Bruno Canino has performed in major concert halls and festivals in Europe, America, Australia and Asia. For sixty years he has played in a piano duo with Antonio Ballista and for thirty years was member of the Trio di Milano. He has collaborated with distinguished performers as Gazzelloni, Cathy Berberian, Accardo, Amoyal, Nicolet, Vittora Mullova, Itzhak Perlmann and Uto Ughi; and with the Amadeus Quartet, Borodin, Tokyo String Quartet and others.
From 1999-2002 he served as Director of the Music Section of the Venice Biennale, having dedicated particular attention on contemporary music:
He worked with Dallapiccola, Boulez, Berio, Ligeti, Maderna, Stockhausen and Bussotti.
He performed with conductors such as Abbado, Muti, Chailly, Sawallisch, Pappano with orchestras such as La Scala Philarmonic, Santa Cecilia, Berlin Philharmonic, New York Philharmonic, Philadelphia Orchestra, Orchestre National de Paris.
He has made numerous recordings (Debussy, Casella, Mozart, Chabrier, Bach, etc.).
He has given master classes in Italy, Germany, Japan, Spain, and for the last thirty-five years has been invited to the Marlboro Music Festival in Vermont.
His book „Handbook of the chamber pianist“ was followed in 2015 by a book entitled „No Music“, also published by Passigli.
Having made a name for himself as a soloist, chamber musician and accompanist, collaborating with many classical music celebrities around the world, Bruno Canino is also known as an ardent advocate of contemporary music, who has given premiere performances of the works by the likes of Boulez, Berio, Xenakis and Kagel, of which he was often the dedicatee. It is his first appearance in Lithuania.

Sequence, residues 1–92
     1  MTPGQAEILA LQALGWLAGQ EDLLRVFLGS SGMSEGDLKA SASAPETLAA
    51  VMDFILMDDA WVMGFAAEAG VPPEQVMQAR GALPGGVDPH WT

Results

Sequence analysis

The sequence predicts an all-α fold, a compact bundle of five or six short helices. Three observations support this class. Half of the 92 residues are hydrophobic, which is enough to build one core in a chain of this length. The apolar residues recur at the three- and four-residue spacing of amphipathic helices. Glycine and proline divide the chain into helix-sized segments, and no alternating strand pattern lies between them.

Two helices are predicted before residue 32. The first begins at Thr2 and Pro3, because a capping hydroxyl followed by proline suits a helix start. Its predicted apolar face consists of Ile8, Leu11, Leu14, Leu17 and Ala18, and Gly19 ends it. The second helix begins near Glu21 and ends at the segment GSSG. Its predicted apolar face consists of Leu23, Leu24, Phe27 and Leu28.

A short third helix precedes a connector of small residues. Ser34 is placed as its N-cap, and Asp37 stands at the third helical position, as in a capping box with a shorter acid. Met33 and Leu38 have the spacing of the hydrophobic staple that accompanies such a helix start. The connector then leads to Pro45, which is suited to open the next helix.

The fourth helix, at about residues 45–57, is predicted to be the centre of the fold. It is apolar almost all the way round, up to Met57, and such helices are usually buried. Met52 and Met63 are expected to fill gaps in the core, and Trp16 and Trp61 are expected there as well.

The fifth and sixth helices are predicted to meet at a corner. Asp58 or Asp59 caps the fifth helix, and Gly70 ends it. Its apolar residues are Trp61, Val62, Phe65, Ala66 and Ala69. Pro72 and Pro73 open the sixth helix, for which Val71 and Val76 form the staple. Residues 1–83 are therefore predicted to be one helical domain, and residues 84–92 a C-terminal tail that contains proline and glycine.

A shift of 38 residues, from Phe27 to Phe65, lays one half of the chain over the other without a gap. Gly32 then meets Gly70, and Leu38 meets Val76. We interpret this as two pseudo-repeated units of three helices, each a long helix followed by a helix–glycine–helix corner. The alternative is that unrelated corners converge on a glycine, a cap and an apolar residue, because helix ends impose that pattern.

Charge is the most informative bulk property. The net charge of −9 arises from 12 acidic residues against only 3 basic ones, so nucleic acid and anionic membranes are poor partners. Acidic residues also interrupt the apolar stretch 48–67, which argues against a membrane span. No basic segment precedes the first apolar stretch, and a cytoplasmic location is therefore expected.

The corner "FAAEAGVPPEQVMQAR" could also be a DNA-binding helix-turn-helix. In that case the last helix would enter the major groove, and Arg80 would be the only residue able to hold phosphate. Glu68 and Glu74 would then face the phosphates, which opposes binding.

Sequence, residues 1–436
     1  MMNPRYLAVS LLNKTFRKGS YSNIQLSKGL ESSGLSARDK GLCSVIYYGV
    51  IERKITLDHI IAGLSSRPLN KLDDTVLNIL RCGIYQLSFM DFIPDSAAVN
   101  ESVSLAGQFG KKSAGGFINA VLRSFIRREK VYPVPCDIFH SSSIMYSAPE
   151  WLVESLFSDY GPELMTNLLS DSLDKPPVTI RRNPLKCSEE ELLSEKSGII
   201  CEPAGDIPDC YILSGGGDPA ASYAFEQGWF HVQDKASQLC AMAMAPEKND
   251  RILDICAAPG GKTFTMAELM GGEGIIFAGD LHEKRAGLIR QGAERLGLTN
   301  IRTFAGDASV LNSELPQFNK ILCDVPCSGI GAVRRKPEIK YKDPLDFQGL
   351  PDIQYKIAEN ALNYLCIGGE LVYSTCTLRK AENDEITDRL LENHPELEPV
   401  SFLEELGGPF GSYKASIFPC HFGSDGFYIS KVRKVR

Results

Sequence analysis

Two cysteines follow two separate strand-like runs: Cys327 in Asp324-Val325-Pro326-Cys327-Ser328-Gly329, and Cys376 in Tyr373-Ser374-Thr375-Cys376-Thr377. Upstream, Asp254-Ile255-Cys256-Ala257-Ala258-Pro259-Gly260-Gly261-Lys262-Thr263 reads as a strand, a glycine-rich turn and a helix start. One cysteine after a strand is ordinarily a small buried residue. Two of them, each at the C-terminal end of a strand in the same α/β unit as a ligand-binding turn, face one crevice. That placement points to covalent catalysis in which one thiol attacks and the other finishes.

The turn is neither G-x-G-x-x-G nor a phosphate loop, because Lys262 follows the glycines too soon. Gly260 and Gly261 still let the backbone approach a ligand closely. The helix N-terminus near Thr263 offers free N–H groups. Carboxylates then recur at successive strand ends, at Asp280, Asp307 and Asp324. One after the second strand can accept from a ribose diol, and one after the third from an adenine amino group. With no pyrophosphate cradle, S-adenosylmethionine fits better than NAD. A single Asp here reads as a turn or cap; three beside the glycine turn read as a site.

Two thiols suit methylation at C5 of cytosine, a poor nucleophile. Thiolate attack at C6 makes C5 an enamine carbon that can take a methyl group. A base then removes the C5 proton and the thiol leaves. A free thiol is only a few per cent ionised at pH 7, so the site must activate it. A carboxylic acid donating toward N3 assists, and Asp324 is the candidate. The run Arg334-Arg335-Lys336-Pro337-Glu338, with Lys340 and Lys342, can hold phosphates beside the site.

Over the fifty years of his illustrious professional career as a concert pianist he has toured almost all continents from Japan to South America, from Canada to New Zealand. He has collaborated with Riccardo Muti, Bruno Maderna, Claudio Abbado, Riccardo Chailly, Wolfgang Sawallisch, Salvatore Accardo, Lynn Harrell, Itzhak Perlman, Viktoria Mullova, etc. As a chamber musician he is a member of the celebrated Trio di Milano and has performed as a piano duo with Antonio Ballista for more than half a century.
In 1999–2001, he served as a Music Section Director for the Biennale di Venezia. For 24 years has been Piano Professor at the Milan Conservatory and Professor of Piano Master Class and Modern Chamber Music at the Bern Music College for 11 years, also giving regular master classes in various countries. He is a member of juries of many international competitions, including Ferruccio Busoni (Bolzano), Clara Haskil (Vevey), Geza Anda (Zurich), Yehudi Menuhin, Santander and Alessandro Casagrande (Terni). His extensive discography includes such recordings as Bach’s Goldberg Variations, works by Casella, Hindemith, Mendelssohn, Prokofiev, Ravel, Stravinsky and Debussy.
Bruno Canino, this ‘one-man-orchestra’ is also a noted composer (he wrote over thirty solo and chamber works for piano) and tries his hand at writing (in 1997, he published a book entitled Vademecum of the Chamber-MusicPianist).
When did you first start playing the piano?
There was an old stand-up piano at home. I was taken to see the opera Madame Butterfly and decided to study the piano score so that I could cry better about Cio-Cio-San.
How did you realise that you wanted to be a pianist?
I was too young to decide: my parents decided for me, in a very courageous way.
What advice do you have for a young pianist on concert day?
Each has their biorhythms and superstitions: I personally don’t eat much, don’t drink alcohol, and try to kill time by taking a walk. I play the entire programme, if possible on the concert instrument, but from back to front, ending on the first piece.
Who are your favourite composers and who most do you like to play?
Mozart, Schubert and Debussy.
Something that happened during a concert?
Once I arrived at a venue and discovered that there was no piano. I got the date wrong and realised the concert was the following year.